And so, it’s Biden
Last week the socialist pest from Vermont, Senator Bernie Sanders, formally endorsed former vice president Biden in an awkward livestream in which the two septuagenarians told one another how wonderful they are and how awful Trump is. As of this writing, masses of Sanders’ supporters, the Bernie Bros, refuse to accept the endorsement and vow to fight on against the Democrat Party Establishment. Polls indicate that a significant number of Bernie Bros, perhaps as many as 10 percent, would vote for Trump before Biden.
There followed the coup-de-tat. Showing great political courage, Barrack Obama waited till Biden had won the primaries to endorse his vice president. Three years after leaving office, Obama still looks old and tired. He watches powerlessly as Trump wipes away his legacy. Trump withdrew the United States from Obama’s ‘Iran Deal’. With the noxious individual mandate repealed by congress, Obamacare is dying a slow death. The man who offered ‘Hope’ and ‘Change’ is a spent force now, too close to the center for the hard-left, while even his most ardent supporters wonder to what his eight years in office amounted.
After 18 months of campaigning, former vice president Joe Biden is the undisputed victor of the 2020 Democrat Party primary. The Democrat Presidential Primary began with such high hopes and had a slew of interesting and intersectional candidates. None of the young rising stars proved to be up to the task of defeating a 77-year-old white man who has been in politics for 50 years.
Former Congressman Robert Francis O’Rourke was young and charismatic, Kennedyesque, the nostalgists in the Dem media exclaimed. But with O’Rourke it seemed that there was no there-there. In 2018, he failed to unseat the unpopular Senator Ted Cruz. On the campaign trail he spoke in platitudes only, his arms flailing about wildly as he did so. O’Rourke came off like a Generation-X cliché, a man in arrested development, stuck permanently in the mid-1990s.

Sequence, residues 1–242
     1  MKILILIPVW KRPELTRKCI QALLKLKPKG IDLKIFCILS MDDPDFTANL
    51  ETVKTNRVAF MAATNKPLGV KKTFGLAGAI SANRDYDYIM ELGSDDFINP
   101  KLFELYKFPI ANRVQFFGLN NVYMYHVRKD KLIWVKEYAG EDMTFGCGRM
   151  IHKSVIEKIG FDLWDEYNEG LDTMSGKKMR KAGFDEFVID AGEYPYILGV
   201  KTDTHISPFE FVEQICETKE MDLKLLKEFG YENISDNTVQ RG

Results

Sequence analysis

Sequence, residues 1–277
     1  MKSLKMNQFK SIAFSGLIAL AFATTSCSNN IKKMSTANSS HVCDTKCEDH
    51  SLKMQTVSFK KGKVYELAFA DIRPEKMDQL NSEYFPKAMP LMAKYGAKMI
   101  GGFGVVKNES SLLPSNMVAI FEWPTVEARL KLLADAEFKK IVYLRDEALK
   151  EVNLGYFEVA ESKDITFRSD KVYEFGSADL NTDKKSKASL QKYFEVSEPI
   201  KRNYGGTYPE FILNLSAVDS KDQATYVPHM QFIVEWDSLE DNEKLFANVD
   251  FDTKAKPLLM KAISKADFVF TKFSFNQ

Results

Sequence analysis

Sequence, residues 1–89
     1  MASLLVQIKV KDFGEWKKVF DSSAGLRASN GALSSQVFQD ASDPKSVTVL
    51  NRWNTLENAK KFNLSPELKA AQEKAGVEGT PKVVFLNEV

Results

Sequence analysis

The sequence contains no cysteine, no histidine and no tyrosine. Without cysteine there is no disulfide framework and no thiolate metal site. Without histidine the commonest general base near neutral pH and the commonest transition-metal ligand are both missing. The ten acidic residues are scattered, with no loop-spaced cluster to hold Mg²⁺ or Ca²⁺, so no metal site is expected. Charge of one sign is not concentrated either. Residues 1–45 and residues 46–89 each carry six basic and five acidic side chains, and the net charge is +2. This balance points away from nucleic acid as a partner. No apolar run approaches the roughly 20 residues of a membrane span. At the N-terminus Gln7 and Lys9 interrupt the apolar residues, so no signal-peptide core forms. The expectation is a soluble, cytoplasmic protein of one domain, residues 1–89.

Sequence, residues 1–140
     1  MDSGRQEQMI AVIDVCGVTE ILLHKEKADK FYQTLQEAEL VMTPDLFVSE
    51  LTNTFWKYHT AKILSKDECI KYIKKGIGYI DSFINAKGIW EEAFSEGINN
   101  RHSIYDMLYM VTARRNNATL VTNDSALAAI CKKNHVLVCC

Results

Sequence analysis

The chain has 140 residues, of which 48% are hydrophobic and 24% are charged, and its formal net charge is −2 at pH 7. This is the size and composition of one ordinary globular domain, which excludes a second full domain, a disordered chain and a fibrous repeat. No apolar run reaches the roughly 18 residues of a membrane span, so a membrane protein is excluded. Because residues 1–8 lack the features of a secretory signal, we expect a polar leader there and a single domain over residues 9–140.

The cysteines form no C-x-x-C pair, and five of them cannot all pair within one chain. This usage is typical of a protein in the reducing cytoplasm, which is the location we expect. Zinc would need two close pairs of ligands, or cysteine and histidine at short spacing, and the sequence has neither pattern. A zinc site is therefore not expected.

New Jersey Senator Corey Booker (for whom we voted) looked like a strong candidate on paper. He was a college football player at Stanford and Rhodes Scholar. Booker was mayor of the state’s largest city, Newark, before being elected to the senate. But in committee hearings, Booker had this weird way of yelling at Trump officials so that his eyes seemed nearly to pop out of his head. Booker is the son of an IBM executive, and didn’t really have strong appeal among African American voters, while affluent white liberals preferred candidates more like them.
California Senator Kamala Harris is both female and black, twice a minority, one could say, giving her impressive intersectional credentials. Harris portrayed herself as a progressive but tough on crime prosecutor and attorney general. After eviscerating Joe Biden over his 1970s era opposition to Forced Busing, Harris was briefly the frontrunner. At the next debate, Hawaii Congresswoman Tulsi Gabbard took Harris’ strength and turned it against her, ‘She put over 1,500 people in jail for marijuana and then laughed about it when she was asked if she ever smoked marijuana,’ Gabbard said. Harris never recovered.
Which opened a path to the nomination for Elizabeth Warren. The septuagenarian and senator from Massachusetts had all the right progressive stances and stole Sanders’ issues in a bid to win over the Bernie Bros. For decades, Warren lied about her Cherokee heritage (she has none) to advance her career. On the stump she has the bearing and voice of a middle school librarian, making her almost as unlikable as Hilary Clinton, no easy feat.
There were at least a dozen also-rans none of whom had any hope of winning the nomination, all but a few of them utterly forgettable and forgotten. New York City Mayor Bill de Blasio appealed to nobody. Pete Buttigieg, mayor of Indiana’s fourth largest city, tried to be the white, gay Obama. Late in the race came former New York City Mayor Mike Bloomberg. He campaigned for three months, spent a billion dollars and then dropped out just in time to disappear for the Wuhan Coronavirus crisis. Warren is at least coherent.
Not so, Sleepy Joe, as the president calls him. On the campaign trail, Biden will tell you what bills he voted for, pieces of legislation he co- and the senators with whom he wrote them. The man’s work goes all the way back to the Nixon Administration. On his podcasts and livestreams from his home study in Wilmington, Delaware, Biden will sure as heck tell you what needs to be done during the Wuhan Coronavirus pandemic and how he’s going to do it. Last week he harkened back to the Roosevelt Administration, of which he has vague memories, “You know, there’s a, uh — during World War II, you know, Roosevelt came up with a thing that uh, you know was totally different than a, than the, you know he called it you know the, World War II, he had the war… the war production board,” he told us. And so, after eighteen months of campaigning and a couple dozen candidates, the Democrat Party has chosen Joe Biden.
The statements, views and opinions expressed in this column are solely those of the author and do not necessarily represent those of The Duran.